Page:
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MIDEAST: Peace Move Could Be the Kiss of Death
Analysis by Sanjay Suri
LONDON, Mar 1 (IPS) - The U.S. hand of support offered to a new push for
peace in the Middle East could well turn out to be the kiss of death for
the peace process.
The London Meeting on Supporting the Palestinian Authority agreed Tuesday
that Lt. Gen William Ward from the U.S. army will head a security
coordinating group to support the Palestinian Authority.
This group will guide the Palestinian Authority get a grip on its
disparate security forces. The London meeting declared that the group
will also provide technical support including cars, radios and uniforms
for police, and help set up a retirement fund for security personnel.
The Palestinian Authority has pledged to trim its security and
intelligence services from 14 units down to three, move to appoint a
police chief, and to increase police presence on the streets of the Gaza
Strip and the West Bank.
The PA pledged also to try to liaise closely with Israeli security
All this it would do now under the guidance of a U.S. general.
Palestinians have for generations been at the receiving end of an Israeli
military force which they have seen as supplied, funded and politically
supported by the United States. The latest Intifadah, the name given to
the Palestinian militant struggle, is now in its fifth year, and it is by
no means over.
At this stage support to a new Palestinian security from a U.S. army
general is the first thing militants will see in the London agreement --
and probably the last thing they would have liked to.
It is also something they would have thought unthinkable a few months
ago. Former Palestinian leader Yasser Arafat was never likely to have
agreed to invite a U.S. general to overhaul Palestinian security.
The London agreement is expected to carry considerable weight. It is now
virtually an international agreement that Palestinian President Mahmoud
Abbas has signed up to.
U.S. Secretary of State Condoleeza Rice, United Nations Secretary-General
Kofi Annan, British Prime Minister Tony Blair, European Union (EU)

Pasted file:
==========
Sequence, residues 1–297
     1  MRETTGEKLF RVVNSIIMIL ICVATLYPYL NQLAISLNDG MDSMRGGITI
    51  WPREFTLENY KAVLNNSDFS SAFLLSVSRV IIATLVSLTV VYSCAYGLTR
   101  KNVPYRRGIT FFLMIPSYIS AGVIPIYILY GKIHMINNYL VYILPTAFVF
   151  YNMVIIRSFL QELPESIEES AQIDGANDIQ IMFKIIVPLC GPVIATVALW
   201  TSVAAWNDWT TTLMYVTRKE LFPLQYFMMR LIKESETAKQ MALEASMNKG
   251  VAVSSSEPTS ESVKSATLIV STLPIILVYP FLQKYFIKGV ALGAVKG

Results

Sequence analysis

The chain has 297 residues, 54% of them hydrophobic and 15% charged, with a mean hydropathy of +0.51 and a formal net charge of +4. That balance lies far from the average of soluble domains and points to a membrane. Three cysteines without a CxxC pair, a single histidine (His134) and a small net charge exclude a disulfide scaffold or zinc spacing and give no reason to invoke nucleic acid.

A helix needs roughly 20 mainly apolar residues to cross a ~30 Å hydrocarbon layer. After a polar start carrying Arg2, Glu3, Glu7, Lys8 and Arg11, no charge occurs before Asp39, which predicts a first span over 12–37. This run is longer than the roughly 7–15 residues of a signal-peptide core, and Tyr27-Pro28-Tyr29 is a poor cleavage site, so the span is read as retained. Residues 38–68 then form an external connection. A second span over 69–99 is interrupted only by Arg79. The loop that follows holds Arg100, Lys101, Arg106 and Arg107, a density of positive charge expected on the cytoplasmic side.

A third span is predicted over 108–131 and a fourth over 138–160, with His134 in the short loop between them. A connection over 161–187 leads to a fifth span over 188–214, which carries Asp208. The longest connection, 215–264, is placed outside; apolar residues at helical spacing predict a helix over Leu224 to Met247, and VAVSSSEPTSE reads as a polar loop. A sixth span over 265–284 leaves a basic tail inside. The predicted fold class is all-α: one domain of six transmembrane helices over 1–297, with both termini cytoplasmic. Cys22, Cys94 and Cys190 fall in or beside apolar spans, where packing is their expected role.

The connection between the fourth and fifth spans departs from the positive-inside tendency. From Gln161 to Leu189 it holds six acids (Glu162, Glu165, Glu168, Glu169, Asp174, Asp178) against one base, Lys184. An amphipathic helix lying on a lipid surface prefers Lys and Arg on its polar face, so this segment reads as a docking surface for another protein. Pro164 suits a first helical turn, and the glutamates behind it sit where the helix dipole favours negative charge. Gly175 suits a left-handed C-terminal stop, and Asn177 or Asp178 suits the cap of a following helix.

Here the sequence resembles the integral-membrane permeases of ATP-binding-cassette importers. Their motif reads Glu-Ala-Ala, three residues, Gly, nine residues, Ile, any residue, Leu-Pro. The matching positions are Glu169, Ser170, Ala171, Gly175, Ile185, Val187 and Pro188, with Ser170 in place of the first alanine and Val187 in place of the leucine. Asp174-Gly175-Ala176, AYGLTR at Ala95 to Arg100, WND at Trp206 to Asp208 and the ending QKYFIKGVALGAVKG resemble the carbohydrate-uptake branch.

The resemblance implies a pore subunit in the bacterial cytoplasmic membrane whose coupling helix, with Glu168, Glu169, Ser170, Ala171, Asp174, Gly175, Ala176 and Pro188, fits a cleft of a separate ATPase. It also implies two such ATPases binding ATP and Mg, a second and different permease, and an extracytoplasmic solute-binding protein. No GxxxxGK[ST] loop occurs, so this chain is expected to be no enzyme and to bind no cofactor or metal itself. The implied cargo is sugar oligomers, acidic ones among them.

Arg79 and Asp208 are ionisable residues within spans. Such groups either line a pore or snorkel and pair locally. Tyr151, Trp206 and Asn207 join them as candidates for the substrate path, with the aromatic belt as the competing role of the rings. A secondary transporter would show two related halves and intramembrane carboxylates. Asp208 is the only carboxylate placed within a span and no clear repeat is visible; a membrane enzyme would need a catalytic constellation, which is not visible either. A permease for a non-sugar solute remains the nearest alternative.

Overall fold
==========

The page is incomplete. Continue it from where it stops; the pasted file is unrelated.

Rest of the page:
Foreign Affairs and Common Security High Representative Javier Solana and
many other leaders attended the London meeting Tuesday.
But the fate of the agreement will lie in the hands of those absent: the
Palestinian militant groups, and the Israeli leaders.
Palestinian militant groups will not only be required to give up their
arms, but to do so under U.S. supervision through the Palestinian
Authority. Abbas agreed this move when he knows better than most who and
what he is dealing with.
''We have re-deployed our forces in the field and have taken a decision
to unify our security forces, and we are implementing this decision
despite the difficulties that you are well aware of because you are well
aware about the details of our country,'' Abbas said at the meeting.
Abbas has gambled early, and seriously, in deciding that this difficulty
can be overcome with visible U.S. support against the groups that many
Palestinians see as militants, even heroes, and which the United States
and Israel regard as terrorists.
The U.S. general has a clear mandate to back the PA in crushing these
groups. ''If they are not stopped, the path to peace will be blocked,''
Rice said at the meeting. ''The roadmap to peace correctly stated that
terrorist organisations must be dismantled if our common goals are to be
The Palestinian Authority, she said, ''needs to reform its security
institutions in order to fight terrorism and lawlessness effectively. The
United States is prepared to work with partners in the region and around
the world to realise this essential goal.''
The U.S. general was present at the London meeting. ''General Ward, who
is here with me today, will soon relocate to the region to lead our
efforts,'' Rice said.
Rice is counting on some Arab help. She named Egypt and Jordan as Arab
states that have made specific commitments to ''help the Palestinians
create honest and accountable security services.''
She had advice for other Arab states that ''must end incitement in their
media, cut off all funding for terrorism, stop their support for
extremist education, and establish normal relations with Israel.''
Her requirement of Israel was that it ''must also take no actions that
prejudice a final settlement, and must help ensure that a new Palestinian
state is truly viable. A state of scattered territories will not work.''
But many Palestinians and their supporters in the Arab world will not see
neutral equality here. They are not likely to be looking for it. Their
eyes will be on the relocating U.S. general.
= 03012221 ORP018
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